Some changes would of course have to be made so that the order was relevant and more in tune with modern society. Originally it was only Irish peers and foreign princes who were made members; today anyone who provides distinguished service – regardless of social position – should be admitted. Also, as with the Garter, women should now be let in. The Thistle and the Garter both have chapels and annual services at which time investitures take place; St Patrick’s Order would need a new home (Dublin not being an option as before). St Patrick’s Cathedral in Armagh would be a logical choice with a yearly ecumenical service for the benefit of the non-Anglican members admitted.

Otherwise, the vestments and privileges of the Order could be largely transposed and as it is already based on the Order of the Garter; where necessary the English regulations further applied to the Northern Irish order.

There has been consideration of reviving it in the past: in 1943 Churchill was persuaded not to honour General Sir Harold Alexander (son of the Earl of Caledon) by making him a Knight of St Patrick. Apparently Sean Lemass gave some consideration to re-establishing it in the 1960s, but dropped the idea. More recently it was suggested that a re-instituted order could be jointly awarded by the monarch and the Irish President on an all-Ireland basis.

Aside from the fact the idea of a republic creating chivalric knighthoods is stupid, it is important the Order should be distinctly Northern Irish. If Northern Ireland is to mature both politically and socially and become secure about itself and in its position, it needs a broadly acceptable identity which can be rallied around. An Order of St Patrick that honours and celebrates Northern Irish people who achieve great things, but also those who contribute significantly to life in Northern Ireland, can be part of that.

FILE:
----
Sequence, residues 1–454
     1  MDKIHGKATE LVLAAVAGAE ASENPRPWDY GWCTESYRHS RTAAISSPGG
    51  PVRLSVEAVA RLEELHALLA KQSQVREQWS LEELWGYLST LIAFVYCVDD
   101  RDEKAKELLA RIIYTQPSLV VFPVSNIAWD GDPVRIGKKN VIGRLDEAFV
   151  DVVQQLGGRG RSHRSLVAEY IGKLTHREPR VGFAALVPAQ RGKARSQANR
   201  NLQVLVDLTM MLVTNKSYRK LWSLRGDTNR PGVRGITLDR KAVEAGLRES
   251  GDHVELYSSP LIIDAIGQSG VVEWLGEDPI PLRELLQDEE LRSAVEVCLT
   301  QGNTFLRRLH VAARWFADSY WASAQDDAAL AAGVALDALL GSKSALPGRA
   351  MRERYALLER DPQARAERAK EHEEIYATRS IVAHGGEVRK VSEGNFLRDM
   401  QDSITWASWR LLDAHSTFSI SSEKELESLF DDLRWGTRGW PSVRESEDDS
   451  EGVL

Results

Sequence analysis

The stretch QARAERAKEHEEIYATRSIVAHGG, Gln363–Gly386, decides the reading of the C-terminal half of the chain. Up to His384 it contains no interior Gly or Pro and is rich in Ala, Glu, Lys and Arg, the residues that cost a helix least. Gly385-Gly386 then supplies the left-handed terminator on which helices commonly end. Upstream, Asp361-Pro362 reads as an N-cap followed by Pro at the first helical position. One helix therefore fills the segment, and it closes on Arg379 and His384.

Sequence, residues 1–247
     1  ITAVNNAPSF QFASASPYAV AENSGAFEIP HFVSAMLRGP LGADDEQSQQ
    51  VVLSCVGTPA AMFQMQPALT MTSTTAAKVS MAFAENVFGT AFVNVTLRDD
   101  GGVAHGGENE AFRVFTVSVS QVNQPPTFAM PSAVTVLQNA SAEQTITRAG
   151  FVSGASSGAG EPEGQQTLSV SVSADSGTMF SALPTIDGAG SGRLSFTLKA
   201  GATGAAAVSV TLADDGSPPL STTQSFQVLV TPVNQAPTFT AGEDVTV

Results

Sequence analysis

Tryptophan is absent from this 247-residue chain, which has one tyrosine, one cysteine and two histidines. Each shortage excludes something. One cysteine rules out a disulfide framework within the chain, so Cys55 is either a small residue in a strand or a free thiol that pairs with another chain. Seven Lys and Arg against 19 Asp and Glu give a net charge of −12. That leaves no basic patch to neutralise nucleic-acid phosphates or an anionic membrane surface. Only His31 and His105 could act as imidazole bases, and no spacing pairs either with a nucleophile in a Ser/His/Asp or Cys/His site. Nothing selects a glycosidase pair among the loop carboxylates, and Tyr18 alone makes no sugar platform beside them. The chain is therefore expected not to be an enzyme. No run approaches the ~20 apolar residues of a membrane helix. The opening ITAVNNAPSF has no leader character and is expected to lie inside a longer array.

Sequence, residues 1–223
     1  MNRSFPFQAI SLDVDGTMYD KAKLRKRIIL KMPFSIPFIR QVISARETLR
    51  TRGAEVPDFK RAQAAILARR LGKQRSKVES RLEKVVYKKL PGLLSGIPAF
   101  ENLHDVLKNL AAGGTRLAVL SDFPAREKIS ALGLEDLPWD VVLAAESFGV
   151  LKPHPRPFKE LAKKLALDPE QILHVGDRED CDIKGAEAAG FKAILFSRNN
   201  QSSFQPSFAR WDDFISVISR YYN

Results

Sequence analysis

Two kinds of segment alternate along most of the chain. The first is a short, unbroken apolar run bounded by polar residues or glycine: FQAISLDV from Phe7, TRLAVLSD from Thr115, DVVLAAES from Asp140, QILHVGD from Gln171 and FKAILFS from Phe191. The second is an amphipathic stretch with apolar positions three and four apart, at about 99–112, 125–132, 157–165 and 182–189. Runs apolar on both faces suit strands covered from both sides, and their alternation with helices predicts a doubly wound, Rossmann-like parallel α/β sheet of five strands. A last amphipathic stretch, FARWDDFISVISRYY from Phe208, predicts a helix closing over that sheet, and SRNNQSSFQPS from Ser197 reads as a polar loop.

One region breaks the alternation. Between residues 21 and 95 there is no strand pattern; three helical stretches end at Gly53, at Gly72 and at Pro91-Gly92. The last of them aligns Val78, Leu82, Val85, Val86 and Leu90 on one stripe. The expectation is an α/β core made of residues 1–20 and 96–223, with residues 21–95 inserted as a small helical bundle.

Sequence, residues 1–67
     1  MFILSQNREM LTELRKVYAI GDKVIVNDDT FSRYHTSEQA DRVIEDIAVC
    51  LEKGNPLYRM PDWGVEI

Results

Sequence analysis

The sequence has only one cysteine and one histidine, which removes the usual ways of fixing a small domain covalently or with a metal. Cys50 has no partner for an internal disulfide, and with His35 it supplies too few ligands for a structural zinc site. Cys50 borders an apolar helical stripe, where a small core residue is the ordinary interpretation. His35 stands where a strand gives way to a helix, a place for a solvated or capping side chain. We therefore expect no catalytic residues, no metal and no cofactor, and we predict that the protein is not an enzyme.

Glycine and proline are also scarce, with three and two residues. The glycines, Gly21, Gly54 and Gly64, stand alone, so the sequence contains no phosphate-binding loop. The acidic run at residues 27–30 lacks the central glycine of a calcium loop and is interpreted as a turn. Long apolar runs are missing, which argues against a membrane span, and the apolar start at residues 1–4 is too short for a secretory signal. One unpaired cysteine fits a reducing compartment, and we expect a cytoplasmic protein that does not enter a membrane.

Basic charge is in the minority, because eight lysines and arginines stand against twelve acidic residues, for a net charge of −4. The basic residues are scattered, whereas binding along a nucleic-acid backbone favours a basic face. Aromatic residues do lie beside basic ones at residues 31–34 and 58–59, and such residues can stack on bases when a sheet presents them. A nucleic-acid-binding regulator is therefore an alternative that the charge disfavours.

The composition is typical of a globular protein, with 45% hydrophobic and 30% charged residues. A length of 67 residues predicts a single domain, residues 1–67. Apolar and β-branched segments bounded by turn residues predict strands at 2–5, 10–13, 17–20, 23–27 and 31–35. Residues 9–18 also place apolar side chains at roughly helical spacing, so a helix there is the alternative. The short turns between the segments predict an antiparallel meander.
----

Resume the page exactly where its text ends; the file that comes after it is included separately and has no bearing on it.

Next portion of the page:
As the editor here once quipped, David Trimble should be awarded it and John Hume given the honour of declining it. The distinguished careers of Colonel Tim Collins, Dame Mary Peters, Lurgan born Lord Kerr (former Lord Chief Justice of Northern Ireland and currently a Justice of the Supreme Court) and many others warrant such recognition.

The honours system is an effective way to not only reward but also publicise the great contributions that individuals have made to their community and the nation. It is only right, and indeed particularly important, that Northern Ireland be on par with other parts of the UK and have something which not only keeps alive a forgotten aspect of its Irish heritage, but highlight individuals it can be proud of. A revived Order of St Patrick is an effective and desirable means of achieving these aims.

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  1. Doctor Wu

    “……consistently bolshie regime in…. independent Ireland……”

    A classic – an absolute classic – coming from a member of a nation which once had an Empire which terrorised and plundered so many territories around the planet, including Ireland, for several hundred years.


  2. St Etienne

    It appears the bolshiness still lurks in the shadows and while there’s an argument for it’s place in the 1920s Irish Free State you’d be forgiven for hoping it needn’t arise in 2013…

    In our continual re-focussing of what it means to be Ulstermen and women in Northern Ireland today, as distinct from in Ireland a hundred years earlier, it would be a sensible idea to renovate such dormant British customs and give them a new relevance and meaning anyway. But given the current tunnel vision of elected political unionism on a certain issue, it could even be an inspired bit of old-fashioned political opportunism.

    Unfortunately it remains to be seen whether our politicians are capable of foresight in either direction.